Insomnia is a common adverse effect of cancer and its treatment. More than 25% of cancer survivors meet diagnostic criteria, a rate at least two times higher than that of the general population. Despite the pervasiveness of the problem, insomnia is underdiagnosed and undertreated in cancer survivors, resulting in significant suffering and associated consequences such as fatigue, cognitive issues, mood disturbance, functional disability, decreased quality of life, and immunosuppression. Consistent with recent evidence that group cognitive behavioural therapy for insomnia (CBT-I) is effective in treating insomnia in cancer survivors, CBT-I is recommended as first line treatment in the new Pan-Canadian practice guideline for sleep disturbance in adults with cancer. A major barrier to practical application of this recommendation however, is the lack of appropriately trained professionals at cancer centres. Moreover, it is assumed that in contrast to pharmacotherapy, CBT-I is free of treatment-related side-effects; however, we have no knowledge of symptoms that may be experienced by cancer survivors and/or exacerbated during CBT-I treatment (e.g., increased fatigue, cognitive impairment) because such effects are not systematically monitored. With the goal of improved access to CBT-I, online versions have been developed. One initial evaluation has been conducted in cancer patients with promising results, although limitations of the study include a small sample size (n = 28), control condition that failed to match for modality and time, lack of follow-up data, and failure to investigate potential side effects during treatment. Further inquiry is clearly warranted and consistent with insights of Canadian cancer patients who have suggested the use of technology as a factor that would facilitate their participation in an insomnia treatment program.

Specific research questions to be addressed in our proposed two-group, randomized, controlled trial include: 1) Do cancer survivors with chronic insomnia who receive a 6-week, internet-based CBT-I treatment have greater improvement in insomnia severity and other secondary sleep and quality of life outcomes, than participants in an online sleep education control group? 2) Are there short-term side-effects associated with CBT-I for cancer survivors (i.e., do participants get worse before they get better)?

Adult outpatients diagnosed with any type of cancer (stages I-III), completed active treatment for at least 1 month (with the exception of hormone therapy) and without cancer recurrence will be will be recruited from The Ottawa Hospital Cancer Centre and Cancercare Manitoba (n = 150). All will meet established diagnostic and research criteria for chronic insomnia. Prior to acceptance in the study, the procedures will be fully explained, inclusion/exclusion criteria assessed, and formal consent obtained. Once accepted into the study, participants will be randomized (stratified by hormone therapy-yes or no) to one of the two study arms. Online assessment measures (insomnia severity, pre-sleep arousal, beliefs about sleep, fatigue, mood, anxiety, quality of life) will be completed at the baseline period, at week 6 (post treatment), and at 3 month follow-up; however, online diary assessments of sleep parameters and potential side-effects (fatigue, affect, cognition, pain, drug dosing) will be entered daily and potential side-effects will also be assessed online weekly through the course of treatment. Analyses will involve mixed modeling and latent growth curve models.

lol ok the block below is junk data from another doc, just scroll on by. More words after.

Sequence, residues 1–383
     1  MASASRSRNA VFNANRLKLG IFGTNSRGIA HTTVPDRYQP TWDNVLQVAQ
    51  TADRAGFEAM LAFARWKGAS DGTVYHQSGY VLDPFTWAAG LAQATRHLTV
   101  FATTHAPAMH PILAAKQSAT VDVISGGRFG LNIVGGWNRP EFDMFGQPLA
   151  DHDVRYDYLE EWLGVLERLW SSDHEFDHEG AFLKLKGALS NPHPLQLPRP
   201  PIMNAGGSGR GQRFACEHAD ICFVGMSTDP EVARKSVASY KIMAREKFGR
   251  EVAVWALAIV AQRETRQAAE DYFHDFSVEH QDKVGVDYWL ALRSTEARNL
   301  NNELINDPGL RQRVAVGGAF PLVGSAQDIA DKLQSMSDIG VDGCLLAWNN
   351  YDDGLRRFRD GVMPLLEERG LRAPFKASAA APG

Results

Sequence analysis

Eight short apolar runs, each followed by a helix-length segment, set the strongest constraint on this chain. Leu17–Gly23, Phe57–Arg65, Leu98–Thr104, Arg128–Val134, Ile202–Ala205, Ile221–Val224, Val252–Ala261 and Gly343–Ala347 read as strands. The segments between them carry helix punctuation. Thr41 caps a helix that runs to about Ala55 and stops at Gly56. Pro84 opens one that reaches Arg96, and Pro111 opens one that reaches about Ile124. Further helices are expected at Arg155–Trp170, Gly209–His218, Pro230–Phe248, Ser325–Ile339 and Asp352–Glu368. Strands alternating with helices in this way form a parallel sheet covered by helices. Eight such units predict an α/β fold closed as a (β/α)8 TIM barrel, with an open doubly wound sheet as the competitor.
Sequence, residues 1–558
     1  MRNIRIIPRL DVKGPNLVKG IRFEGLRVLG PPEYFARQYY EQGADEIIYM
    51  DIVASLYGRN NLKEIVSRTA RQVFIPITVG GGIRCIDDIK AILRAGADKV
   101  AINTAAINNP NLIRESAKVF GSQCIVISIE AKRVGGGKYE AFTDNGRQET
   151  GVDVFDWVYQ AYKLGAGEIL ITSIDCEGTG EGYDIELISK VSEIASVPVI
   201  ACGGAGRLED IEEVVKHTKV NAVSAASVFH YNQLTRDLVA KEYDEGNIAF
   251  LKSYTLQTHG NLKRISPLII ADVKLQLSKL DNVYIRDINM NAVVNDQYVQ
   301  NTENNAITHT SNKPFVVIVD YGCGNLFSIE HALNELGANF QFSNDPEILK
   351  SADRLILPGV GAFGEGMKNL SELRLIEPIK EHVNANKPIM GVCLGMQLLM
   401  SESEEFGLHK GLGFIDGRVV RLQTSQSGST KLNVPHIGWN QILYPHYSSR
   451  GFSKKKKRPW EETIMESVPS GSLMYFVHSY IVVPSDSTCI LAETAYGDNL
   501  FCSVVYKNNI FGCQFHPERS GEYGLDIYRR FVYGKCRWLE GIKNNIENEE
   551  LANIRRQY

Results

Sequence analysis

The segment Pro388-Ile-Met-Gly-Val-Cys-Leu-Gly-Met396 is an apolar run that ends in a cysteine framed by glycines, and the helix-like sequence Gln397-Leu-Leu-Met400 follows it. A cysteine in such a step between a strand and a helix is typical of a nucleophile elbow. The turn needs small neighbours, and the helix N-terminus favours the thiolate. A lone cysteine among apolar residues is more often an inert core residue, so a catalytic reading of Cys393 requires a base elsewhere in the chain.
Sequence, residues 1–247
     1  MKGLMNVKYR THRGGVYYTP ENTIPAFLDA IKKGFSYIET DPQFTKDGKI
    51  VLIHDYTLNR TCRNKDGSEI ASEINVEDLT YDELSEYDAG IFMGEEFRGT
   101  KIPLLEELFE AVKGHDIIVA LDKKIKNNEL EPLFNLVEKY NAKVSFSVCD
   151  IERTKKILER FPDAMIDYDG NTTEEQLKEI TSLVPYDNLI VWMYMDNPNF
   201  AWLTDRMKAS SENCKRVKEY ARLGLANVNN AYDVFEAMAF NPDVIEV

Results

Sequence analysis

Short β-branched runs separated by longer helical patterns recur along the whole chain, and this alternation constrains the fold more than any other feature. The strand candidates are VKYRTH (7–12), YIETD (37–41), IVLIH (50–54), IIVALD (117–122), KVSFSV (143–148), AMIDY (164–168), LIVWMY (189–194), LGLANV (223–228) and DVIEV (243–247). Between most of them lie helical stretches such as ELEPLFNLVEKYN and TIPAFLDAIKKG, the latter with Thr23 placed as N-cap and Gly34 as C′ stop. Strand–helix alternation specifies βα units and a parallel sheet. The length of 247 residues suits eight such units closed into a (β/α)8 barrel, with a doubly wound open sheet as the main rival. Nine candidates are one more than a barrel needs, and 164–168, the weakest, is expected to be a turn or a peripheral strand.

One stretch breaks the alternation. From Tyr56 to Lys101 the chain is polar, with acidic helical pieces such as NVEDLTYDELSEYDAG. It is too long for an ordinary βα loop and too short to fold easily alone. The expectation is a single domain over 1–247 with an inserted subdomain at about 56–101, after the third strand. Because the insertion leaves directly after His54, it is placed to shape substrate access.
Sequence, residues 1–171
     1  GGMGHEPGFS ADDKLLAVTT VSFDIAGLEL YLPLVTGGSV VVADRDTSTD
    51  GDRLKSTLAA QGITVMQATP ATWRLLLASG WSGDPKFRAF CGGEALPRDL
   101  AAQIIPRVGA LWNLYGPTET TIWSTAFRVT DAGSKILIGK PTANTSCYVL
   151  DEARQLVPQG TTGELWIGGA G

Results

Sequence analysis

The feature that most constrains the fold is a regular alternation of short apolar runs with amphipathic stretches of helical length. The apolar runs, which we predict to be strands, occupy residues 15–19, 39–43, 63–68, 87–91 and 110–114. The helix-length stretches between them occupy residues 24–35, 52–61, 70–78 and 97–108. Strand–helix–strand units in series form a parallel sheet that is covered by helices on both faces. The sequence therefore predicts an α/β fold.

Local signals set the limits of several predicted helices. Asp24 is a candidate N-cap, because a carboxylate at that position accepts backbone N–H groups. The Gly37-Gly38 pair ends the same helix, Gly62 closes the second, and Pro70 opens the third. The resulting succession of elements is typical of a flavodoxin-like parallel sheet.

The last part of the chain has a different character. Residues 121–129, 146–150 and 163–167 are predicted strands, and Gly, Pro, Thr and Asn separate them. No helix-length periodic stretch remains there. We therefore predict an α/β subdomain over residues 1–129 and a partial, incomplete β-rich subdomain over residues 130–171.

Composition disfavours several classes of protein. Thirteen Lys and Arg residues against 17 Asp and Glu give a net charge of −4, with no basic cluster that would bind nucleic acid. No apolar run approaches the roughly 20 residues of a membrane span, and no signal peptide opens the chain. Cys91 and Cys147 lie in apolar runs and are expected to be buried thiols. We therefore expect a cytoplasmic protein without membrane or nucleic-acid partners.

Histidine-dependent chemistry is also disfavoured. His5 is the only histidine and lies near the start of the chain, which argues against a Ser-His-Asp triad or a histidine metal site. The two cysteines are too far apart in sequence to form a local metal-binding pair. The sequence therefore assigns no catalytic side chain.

The computerized intervention evaluated in this study has the potential to bridge an existing gap in knowledge translation by providing cancer survivors widespread access to CBT-I in a cost-effective manner. The study will also investigate potential short-term side-effects of online CBT-I so that patients can be fully informed when making treatment decisions. The online program could serve as the foundation of a stepped care model as recommended in the Pan-Canadian sleep guideline for adults with cancer. Overall, by reducing the burden of residual effects of cancer and its treatments, this research aims to enhance quality of life for cancer survivors in Canada and elsewhere.

Voir cet essai sur ClinicalTrials.gov